France on Friday declared two departments of the country active coronavirus circulation zones, including the capital Paris and a Mediterranean region with the metropolis of Marseille, raising alarms of a possible second wave just months after the end of lockdowns.
The classification allows the Health Ministry to leave it up to local authorities in each department to impose their own measures to curb the virus’ spread, including the movement of people and vehicles as well as potential closures of establishments where people congregate like restaurants, cafes, and bars.
With European tourists still flocking to Paris, and the lively Bouches-du-Rhone department including sunny tourist attractions like the French Riviera, Marseille, and Aix-en-Provence, government officials have had to raise caution in areas that could be ripe for a second wave of infection.
A total of 2,669 new cases of coronavirus nationwide in the last 24 hours have raised alarm bells for health officials.
In a Friday interview with FranceInter television, Health Director General Jerome Salomon expressed concern that these two regions are “particularly at risk.”
“There are a lot of people. These are areas of urban density,” he said.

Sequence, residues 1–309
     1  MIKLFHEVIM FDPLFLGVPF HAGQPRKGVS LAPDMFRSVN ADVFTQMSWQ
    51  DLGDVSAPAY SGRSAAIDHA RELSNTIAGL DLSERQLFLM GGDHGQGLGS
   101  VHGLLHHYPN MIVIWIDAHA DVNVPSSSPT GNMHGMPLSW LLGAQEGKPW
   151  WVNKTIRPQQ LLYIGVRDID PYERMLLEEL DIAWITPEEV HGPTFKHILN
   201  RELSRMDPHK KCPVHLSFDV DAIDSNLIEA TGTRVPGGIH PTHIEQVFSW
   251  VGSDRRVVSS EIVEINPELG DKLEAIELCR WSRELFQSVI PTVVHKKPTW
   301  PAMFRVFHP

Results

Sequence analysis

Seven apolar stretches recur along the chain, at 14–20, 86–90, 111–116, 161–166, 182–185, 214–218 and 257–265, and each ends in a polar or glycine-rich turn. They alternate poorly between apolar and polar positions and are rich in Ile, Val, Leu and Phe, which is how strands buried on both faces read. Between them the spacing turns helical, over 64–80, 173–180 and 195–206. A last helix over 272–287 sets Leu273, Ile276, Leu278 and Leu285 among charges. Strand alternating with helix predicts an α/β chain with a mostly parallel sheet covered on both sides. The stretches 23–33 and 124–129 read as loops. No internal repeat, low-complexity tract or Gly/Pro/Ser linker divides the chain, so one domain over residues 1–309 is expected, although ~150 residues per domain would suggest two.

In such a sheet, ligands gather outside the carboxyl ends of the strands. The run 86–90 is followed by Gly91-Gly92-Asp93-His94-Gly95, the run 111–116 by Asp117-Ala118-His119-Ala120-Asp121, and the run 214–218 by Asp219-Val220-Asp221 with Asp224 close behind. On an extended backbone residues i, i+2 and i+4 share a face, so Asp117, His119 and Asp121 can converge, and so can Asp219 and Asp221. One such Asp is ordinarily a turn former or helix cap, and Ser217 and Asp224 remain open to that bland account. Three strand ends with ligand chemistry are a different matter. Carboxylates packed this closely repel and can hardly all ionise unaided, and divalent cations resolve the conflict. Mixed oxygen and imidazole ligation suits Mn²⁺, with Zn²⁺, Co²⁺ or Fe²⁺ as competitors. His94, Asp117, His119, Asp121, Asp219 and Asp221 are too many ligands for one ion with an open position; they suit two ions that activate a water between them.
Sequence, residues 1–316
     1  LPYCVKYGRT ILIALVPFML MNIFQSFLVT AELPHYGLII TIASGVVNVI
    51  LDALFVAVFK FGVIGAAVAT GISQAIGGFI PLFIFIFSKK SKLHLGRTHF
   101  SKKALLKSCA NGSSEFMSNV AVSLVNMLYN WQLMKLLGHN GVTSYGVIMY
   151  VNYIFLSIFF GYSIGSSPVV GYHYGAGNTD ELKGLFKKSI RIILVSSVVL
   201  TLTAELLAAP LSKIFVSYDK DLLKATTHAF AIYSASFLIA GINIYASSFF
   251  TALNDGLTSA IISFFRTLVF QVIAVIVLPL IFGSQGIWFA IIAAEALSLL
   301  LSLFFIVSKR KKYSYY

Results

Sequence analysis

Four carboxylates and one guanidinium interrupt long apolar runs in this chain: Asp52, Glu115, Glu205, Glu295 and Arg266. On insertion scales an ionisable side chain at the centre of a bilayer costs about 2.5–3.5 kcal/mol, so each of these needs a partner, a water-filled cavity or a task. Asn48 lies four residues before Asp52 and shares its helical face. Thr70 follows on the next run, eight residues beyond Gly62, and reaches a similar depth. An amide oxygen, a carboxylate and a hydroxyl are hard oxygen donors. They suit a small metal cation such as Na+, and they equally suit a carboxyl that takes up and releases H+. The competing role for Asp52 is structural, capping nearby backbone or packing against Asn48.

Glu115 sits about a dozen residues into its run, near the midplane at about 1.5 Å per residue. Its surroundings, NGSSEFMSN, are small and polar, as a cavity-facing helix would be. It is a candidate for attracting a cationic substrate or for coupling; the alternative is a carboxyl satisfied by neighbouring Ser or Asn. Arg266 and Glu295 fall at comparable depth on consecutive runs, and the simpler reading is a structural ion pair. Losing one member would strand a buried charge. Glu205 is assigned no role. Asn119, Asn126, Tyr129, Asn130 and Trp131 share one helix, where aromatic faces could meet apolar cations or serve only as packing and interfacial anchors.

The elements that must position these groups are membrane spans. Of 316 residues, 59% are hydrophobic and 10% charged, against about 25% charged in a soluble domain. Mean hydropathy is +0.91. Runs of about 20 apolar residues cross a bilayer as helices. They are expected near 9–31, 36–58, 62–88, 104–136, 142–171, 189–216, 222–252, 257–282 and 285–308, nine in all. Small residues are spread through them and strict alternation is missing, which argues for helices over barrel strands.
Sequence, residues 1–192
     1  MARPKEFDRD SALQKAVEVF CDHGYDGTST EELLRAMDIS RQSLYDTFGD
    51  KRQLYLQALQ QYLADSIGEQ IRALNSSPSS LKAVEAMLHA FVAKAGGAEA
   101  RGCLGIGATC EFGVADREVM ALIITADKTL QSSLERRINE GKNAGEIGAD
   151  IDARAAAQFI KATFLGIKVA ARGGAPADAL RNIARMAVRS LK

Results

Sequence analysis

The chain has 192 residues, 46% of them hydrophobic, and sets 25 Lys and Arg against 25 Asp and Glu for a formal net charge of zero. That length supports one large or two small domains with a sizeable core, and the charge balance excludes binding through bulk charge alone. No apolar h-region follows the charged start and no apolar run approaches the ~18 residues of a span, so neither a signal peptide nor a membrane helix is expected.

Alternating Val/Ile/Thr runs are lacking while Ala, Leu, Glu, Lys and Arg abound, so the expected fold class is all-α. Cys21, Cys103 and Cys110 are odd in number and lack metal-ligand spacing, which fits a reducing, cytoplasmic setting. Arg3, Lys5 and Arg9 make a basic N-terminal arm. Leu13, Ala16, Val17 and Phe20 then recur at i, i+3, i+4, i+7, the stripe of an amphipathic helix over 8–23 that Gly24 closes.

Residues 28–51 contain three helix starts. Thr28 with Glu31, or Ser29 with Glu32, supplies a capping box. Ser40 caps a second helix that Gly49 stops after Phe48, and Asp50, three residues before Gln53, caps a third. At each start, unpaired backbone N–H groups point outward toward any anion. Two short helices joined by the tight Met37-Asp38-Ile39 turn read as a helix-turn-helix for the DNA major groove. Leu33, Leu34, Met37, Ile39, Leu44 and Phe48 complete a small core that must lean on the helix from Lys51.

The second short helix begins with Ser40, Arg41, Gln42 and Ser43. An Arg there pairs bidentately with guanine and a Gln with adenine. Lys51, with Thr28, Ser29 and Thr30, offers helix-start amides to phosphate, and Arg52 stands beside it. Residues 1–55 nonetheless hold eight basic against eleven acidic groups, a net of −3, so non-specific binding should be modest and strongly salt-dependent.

“There is a lot of population flow, a lot of transport, a lot of young people who have an intense social activity.”
He added: “The indicators are bad, the signals are very worrying. The situation is deteriorating every week but there is no inevitability.”
Marseille, with a population of over 860,000, last week already mandated wearing masks in busy outdoor areas, as did the luxury resort of Saint-Tropez and the large city of Nice. All lie on the coast and attract thousands of tourists each summer.
Twenty-one other departments within France remain in what the Health Ministry considers a vulnerable condition.
The death toll in France currently stands at 30,388 with cases of infection at 209,365. A total of 4,864 people remain in hospital with 374 of those in intensive care.
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